As an alternative, a livestock share or crop share lease may be developed so the younger party acquires only a half ownership share of the breeding and market livestock and crops. The parties develop a separate plan for transferring machinery and equipment.

Gradual Business Transfer Strategies
With a gradual business transfer strategy, the two parties farm together for a period of years. The younger party may join the business and form a multi-person arrangement or the younger person may spin off and develop a separate business but still jointly own machinery and/or livestock with the older party. The transfer of machinery, and breeding and market livestock occurs gradually over this period of time. Methods for accomplishing this include a gradual sale, lease with option to buy, gradual sale with lease, gradual sale with gift, and others.

Multi-person firm -- With a multi-person firm, the younger party and the older party farm together for a period of time. The younger party usually buys a predetermined portion of the machinery and livestock, such as 50 percent. At the end of the transfer period, when the older party retires, the younger party buys the remaining share.

If the two parties farm together for only a few years, they may develop a flexible business arrangement, such as an operating agreement on one specific enterprise (Information File Enterprise Operating Agreement) or the entire farm (Information File Farm Operating Agreement). If they farm together for many years, they may choose a more formal business arrangement, such as a partnership (Information File Partnership) or corporation (Information File Corporation). An important point to remember is that each time an asset is transferred, a change in the portion of the assets owned by each party occurs resulting in a change in how income is divided.

Spin-off -- With a spin-off approach, the parties cooperate but farm separately. Instead of joining the older party, the younger party begins his/her own separate business on a separate land base. At least initially, they farm the two operations with one set of machinery that is owned by both parties. The two parties may co-own each piece of machinery, or each party may own separate machinery items.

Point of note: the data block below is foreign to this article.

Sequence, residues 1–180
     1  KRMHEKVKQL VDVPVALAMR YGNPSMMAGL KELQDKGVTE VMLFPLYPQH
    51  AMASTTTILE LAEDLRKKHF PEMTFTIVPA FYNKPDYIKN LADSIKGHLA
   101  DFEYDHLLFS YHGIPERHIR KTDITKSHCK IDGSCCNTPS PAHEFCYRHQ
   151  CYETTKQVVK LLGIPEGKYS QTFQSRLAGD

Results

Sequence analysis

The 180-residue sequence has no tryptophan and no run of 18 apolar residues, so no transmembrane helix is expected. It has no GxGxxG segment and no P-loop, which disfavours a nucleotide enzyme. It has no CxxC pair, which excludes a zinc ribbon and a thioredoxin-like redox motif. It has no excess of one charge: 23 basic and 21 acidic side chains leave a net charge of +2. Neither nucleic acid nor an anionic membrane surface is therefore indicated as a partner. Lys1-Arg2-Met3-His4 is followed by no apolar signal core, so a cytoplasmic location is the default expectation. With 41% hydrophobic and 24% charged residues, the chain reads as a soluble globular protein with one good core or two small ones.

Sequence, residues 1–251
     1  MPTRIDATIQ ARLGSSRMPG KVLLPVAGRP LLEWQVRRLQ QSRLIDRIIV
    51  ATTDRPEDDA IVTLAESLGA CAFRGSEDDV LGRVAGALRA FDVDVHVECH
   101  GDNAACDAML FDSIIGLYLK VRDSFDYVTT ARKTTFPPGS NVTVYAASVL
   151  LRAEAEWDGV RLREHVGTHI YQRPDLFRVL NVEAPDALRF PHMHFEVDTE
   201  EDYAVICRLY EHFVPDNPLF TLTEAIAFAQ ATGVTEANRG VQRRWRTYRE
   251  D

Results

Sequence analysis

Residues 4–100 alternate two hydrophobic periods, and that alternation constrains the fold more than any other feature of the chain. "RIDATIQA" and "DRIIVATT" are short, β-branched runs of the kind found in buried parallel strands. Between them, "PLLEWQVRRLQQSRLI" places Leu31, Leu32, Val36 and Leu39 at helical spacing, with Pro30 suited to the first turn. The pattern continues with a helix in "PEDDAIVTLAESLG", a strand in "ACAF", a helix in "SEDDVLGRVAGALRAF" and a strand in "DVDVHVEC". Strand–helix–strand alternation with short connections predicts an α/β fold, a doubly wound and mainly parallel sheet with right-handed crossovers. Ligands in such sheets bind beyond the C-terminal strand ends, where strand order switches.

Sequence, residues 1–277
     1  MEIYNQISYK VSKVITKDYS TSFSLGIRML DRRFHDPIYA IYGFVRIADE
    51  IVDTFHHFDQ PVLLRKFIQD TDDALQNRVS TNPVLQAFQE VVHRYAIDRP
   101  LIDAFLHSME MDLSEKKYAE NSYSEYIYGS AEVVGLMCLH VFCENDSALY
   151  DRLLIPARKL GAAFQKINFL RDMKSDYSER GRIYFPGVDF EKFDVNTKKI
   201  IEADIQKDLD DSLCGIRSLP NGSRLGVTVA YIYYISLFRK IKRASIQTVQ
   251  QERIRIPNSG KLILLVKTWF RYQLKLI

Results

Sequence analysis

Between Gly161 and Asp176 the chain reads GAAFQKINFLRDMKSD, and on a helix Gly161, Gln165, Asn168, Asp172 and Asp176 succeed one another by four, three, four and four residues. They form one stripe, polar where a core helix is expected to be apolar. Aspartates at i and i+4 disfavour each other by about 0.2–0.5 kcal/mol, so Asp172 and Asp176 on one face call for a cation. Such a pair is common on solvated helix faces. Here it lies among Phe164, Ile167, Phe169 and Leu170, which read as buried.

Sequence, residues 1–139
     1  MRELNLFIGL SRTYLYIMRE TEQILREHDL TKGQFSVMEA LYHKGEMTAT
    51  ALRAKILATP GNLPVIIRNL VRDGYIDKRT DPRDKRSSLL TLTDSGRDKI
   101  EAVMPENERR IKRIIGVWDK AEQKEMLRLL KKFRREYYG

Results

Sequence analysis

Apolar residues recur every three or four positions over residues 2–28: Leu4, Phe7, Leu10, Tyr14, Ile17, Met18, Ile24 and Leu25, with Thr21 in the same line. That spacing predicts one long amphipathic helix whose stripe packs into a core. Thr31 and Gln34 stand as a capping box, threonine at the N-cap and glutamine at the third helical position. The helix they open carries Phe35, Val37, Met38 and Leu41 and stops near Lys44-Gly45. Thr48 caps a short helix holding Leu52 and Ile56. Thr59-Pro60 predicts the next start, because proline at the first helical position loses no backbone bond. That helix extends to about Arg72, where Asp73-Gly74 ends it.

The machinery may be owned in the same proportion as the land is farmed. For example, the older party may farm two-thirds of the total land base and own two-thirds of the machinery. This eliminates the need to make payments between the parties for machinery use. An arrangement may be developed where labor and machinery use (Information File Labor and Machinery Sharing Agreement) are traded between the businesses. With this arrangement, a method for compensating each other for machinery and labor is developed. As time passes, the parties may continue to share machinery and labor, or develop completely separate farming operations. When the older party retires, the younger party may purchase the machinery, or it may be sold to a third party.


Reviewed by Charles Brown, former farm management specialist, crbrown@iastate.edu
Original authors:
Don Hofstrand, retired extension value added agriculture specialist, agdm@iastate.edu
William Edwards, retired economist. Questions?


Charles Brown

former farm management specialist
View more from this author
Original authors:


Don Hofstrand

retired extension value added agriculture specialist
View more from this author


William Edwards

retired extension economist
View more from this author